This post is basically copied from the following URL. I found it useful enough that I wanted to keep it on my own site. All credits go to: https://karlcode.owtelse.com/blog/2017/03/13/reverting-to-a-previous-kernel/
I was having issues this weekend with my second monitor suddenly not working any more.
xrand just could not find
the display at all, and it would not show up with
dmesg etc. Thinking a bit I remember that I probably had ran
apt upgrade yesterday. On a hunch I decided to try reverting the kernel version, which worked :). Here’s a quick how
to for reverting the kernel version.
I’m on Ubuntu 18.04, so this may differ depending on your linux flavour.
Verify that an old kernel version works
By default Ubuntu seems to keep an old kernel version installed. First you want to test that this old version still works as expected.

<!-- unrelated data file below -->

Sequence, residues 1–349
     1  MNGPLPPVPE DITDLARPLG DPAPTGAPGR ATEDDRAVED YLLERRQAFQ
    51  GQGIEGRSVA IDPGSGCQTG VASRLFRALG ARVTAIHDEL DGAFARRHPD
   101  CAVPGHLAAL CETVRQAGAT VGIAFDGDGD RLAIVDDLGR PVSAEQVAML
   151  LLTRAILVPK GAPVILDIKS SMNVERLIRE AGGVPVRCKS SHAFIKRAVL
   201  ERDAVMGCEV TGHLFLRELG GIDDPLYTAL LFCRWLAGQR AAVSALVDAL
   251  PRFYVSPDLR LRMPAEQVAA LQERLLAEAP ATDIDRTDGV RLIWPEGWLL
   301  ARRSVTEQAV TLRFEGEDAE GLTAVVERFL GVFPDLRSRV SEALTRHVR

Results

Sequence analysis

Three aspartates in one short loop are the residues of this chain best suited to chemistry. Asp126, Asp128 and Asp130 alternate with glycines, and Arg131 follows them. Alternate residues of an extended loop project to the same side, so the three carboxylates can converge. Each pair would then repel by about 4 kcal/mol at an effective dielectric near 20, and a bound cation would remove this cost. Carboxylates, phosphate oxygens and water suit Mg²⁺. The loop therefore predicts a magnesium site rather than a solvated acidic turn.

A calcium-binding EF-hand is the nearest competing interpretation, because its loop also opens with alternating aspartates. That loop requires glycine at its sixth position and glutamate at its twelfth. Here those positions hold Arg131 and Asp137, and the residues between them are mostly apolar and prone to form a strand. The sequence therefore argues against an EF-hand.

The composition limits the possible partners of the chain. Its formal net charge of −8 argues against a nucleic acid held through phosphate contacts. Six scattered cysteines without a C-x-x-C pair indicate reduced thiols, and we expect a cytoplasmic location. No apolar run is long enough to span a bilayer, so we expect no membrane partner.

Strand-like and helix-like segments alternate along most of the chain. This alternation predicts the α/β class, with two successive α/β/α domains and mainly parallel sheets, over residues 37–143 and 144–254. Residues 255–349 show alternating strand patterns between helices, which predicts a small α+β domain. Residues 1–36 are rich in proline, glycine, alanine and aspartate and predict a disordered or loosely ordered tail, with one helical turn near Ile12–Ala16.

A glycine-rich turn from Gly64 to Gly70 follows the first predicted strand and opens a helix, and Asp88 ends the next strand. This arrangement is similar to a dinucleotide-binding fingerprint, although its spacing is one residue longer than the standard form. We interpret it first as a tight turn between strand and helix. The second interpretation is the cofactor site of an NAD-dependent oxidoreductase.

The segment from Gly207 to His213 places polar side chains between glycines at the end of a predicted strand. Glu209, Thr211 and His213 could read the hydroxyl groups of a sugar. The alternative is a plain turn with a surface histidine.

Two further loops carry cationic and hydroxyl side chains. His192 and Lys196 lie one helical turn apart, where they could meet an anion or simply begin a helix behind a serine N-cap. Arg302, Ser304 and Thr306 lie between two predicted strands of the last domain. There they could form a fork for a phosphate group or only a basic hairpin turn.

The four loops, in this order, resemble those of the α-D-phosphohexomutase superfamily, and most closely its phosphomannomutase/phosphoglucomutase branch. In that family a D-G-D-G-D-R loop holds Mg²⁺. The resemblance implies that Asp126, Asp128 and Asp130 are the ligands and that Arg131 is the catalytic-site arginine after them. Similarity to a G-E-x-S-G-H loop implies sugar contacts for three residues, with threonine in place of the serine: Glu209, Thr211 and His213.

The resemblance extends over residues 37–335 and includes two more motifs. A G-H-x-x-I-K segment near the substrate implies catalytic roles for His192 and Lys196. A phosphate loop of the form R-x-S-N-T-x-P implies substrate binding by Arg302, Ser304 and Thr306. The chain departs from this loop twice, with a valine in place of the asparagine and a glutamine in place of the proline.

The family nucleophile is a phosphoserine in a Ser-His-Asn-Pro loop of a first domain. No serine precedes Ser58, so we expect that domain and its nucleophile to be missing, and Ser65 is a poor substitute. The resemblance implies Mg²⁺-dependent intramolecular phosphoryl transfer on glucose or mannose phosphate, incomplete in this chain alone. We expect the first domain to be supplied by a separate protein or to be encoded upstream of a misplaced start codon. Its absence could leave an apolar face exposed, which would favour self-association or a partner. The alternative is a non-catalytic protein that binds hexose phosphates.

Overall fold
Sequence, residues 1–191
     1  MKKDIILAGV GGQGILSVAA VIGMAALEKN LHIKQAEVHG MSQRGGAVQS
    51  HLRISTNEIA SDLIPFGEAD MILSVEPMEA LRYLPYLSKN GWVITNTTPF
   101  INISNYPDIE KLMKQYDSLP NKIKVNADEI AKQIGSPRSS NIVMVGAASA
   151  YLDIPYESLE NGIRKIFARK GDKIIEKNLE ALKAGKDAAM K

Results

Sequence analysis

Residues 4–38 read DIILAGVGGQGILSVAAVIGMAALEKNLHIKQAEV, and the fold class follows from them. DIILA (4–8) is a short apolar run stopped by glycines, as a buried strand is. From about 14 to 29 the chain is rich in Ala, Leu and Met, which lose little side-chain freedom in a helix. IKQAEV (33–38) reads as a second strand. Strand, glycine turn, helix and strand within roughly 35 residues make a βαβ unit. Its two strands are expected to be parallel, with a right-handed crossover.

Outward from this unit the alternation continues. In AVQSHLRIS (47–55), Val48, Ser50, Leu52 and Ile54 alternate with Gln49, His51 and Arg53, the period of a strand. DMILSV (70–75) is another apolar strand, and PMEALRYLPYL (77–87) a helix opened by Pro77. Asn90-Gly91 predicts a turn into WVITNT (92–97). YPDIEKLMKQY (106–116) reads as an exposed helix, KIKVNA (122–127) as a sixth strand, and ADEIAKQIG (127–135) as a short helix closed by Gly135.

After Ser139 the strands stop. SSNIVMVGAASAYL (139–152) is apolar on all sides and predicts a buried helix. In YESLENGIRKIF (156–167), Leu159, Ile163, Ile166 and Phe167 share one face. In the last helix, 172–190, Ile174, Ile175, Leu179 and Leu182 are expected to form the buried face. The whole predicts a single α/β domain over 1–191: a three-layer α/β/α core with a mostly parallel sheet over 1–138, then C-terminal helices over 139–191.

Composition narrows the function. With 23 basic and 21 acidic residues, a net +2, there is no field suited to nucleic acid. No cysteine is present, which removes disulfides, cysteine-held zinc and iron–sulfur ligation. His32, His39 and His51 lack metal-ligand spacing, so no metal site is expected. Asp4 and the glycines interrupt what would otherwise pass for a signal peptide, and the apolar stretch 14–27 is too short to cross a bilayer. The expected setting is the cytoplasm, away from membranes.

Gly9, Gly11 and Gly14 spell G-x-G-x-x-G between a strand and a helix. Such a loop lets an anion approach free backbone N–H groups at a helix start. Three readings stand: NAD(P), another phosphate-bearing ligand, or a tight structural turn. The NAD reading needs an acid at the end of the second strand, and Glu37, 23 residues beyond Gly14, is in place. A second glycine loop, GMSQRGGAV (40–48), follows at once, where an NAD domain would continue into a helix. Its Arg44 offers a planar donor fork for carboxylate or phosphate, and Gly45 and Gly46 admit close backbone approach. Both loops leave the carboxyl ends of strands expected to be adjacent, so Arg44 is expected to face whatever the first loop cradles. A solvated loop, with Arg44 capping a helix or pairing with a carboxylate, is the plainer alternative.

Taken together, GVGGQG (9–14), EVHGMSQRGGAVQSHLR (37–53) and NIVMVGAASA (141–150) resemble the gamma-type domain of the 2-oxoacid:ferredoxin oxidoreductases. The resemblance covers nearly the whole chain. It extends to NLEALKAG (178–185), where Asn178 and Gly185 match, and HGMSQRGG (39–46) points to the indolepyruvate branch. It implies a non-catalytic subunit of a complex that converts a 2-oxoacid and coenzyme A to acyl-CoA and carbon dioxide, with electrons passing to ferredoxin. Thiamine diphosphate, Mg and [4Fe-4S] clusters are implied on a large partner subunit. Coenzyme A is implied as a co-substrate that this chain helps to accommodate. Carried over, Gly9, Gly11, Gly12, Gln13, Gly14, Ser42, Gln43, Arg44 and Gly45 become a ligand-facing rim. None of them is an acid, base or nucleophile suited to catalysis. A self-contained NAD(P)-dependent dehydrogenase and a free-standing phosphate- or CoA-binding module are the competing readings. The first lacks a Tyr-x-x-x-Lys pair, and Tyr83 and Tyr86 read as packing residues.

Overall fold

Reboot, hold the shift key, choose “Advanced options for Ubuntu”, then select the older kernel version you have installed. You should now be booting with the older kernel.
Remove the broken kernel
If the old kernel seems to work ok, i.e. in my case my second monitor came back alive, you can remove the new kernel.
The following snippet is again copied from the blogpost I linked above. I think it’s self explanatory.
# use the kernel numbers from previous step to confirm that the broken kernel has been installed # eg if the currently broken kernel was linux-image-4.4.0-64-generic it should show up in the following command. dpkg -l | grep linux-image # remove the broken kernel sudo apt-get purge linux-image-45.0.0-31-generic # remove its headers too sudo apt-get purge linux-headers-5.0.0-31-generic
Reboot, and now you should automatically boot into the old kernel version.